8. Example - Fusion proteins

Fusion proteins are a fairly recent type of biologic therapy, made by joining together different proteins (or parts of proteins) to make a novel molecule. Each of the different component parts of the fusion protein may occur naturally, but the final medicinal product is made only in the laboratory.

Fusion proteins are produced in the same way as other biologic medicines. Sequences of DNA are constructed to produce the entire fusion protein, and these DNA sequences are transferred into living cells that are grown to produce large quantities of the required protein.

By joining together different proteins that have different beneficial qualities, the potency, stability and specificity of fusion proteins can be greatly enhanced compared with naturally occurring proteins. Two types of fusion protein, receptor fusion proteins and peptibodies, have been developed for therapeutic use and other novel variations are being studied.

Receptor fusion proteins join together one or more receptors with part of a naturally occurring antibody. The receptors give the fusion protein its specificity and carry out the desired therapeutic function. For example, the receptors bind to a disease-causing protein and stop it from working and the antibody fragment improves the stability of the molecule (i.e. it increases the amount of time that receptor fusion proteins stay in the body before they are inactivated).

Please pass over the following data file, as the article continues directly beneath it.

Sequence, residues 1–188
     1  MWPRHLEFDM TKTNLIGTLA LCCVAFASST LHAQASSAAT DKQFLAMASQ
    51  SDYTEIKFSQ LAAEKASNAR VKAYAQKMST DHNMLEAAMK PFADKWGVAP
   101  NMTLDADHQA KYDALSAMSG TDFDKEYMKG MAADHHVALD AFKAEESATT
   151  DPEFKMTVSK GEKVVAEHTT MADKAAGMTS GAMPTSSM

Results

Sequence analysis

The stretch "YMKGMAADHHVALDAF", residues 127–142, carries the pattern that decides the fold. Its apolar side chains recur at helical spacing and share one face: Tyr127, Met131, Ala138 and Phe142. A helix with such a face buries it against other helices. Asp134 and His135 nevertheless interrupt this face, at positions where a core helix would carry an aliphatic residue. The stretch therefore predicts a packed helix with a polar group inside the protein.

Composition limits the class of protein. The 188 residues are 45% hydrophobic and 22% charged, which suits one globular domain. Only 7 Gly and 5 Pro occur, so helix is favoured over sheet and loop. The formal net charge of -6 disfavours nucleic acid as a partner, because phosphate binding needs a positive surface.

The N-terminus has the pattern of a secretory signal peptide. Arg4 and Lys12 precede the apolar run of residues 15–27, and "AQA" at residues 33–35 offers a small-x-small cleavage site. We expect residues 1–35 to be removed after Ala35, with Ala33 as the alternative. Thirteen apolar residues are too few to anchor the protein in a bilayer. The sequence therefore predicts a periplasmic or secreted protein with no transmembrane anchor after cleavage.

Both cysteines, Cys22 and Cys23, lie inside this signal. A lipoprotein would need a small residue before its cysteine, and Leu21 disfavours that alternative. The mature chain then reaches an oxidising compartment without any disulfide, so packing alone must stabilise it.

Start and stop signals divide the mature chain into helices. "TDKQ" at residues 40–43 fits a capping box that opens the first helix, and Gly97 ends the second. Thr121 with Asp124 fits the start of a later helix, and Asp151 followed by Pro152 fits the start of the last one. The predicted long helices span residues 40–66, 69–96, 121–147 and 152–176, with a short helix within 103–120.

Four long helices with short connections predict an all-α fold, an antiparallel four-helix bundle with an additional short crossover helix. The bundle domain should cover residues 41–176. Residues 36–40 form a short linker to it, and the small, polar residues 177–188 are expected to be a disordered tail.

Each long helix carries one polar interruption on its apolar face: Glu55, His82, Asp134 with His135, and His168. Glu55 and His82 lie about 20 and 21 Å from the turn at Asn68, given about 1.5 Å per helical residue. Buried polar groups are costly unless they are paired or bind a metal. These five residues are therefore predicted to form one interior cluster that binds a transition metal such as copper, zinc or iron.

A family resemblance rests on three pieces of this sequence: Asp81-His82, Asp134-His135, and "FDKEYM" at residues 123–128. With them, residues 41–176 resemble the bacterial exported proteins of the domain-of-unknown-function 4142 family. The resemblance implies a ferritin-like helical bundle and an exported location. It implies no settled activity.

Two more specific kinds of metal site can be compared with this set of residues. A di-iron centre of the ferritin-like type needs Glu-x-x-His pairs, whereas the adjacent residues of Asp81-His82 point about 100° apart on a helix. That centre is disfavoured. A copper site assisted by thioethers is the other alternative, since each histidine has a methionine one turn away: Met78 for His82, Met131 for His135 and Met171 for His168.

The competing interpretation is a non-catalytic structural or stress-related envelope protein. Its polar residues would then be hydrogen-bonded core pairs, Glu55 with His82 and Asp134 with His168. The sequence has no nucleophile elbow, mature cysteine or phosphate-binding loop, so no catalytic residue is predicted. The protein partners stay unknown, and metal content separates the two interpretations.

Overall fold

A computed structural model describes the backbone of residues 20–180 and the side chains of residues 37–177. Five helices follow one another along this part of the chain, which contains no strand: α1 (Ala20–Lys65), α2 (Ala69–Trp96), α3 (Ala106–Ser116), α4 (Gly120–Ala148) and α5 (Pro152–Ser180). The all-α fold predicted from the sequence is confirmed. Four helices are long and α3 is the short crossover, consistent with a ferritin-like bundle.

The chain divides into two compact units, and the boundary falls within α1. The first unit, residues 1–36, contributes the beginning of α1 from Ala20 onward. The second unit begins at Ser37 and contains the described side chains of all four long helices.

Peptibodies consist of a protein component (or part of a protein, a peptide: ‘pepti-‘) and an antibody-like component (‘-body’). The protein component is the functional part of the peptibody and binds to cells or other proteins to exert its therapeutic effects. As with receptor fusion proteins, the antibody component increases the stability of the molecule as a whole.

An even more recent class of fusion protein joins together two different antibodies. Each of the antibodies attaches to a different type of cell, bringing the two cells into close proximity of one another. In one example, the fusion protein brings together a cell from the immune system with a cancer cell, resulting in the cancer cell being killed by the immune cell.

Similarly to monoclonal antibodies, fusion proteins are likely to be relatively large molecules that require a complex manufacturing and purification process. Fusion proteins are delivered by injection into a vein. The number and frequency of infusions will depend on the fusion protein given and the disease being treated.

Fusion proteins are used to treat a wide variety of diseases, including osteoporosis, cancer and non-cancerous blood disorders. Given their specificity, the number of side effects against cells or organs that are not targeted by the fusion protein should be limited. The targets of fusion proteins involved in disease, however, may also have important functions elsewhere in the body, and so each fusion protein will have its own list of specific side effects. General side effects of fusion proteins are related to allergic reactions to the medicine, and can cause symptoms including fever, rash and headache.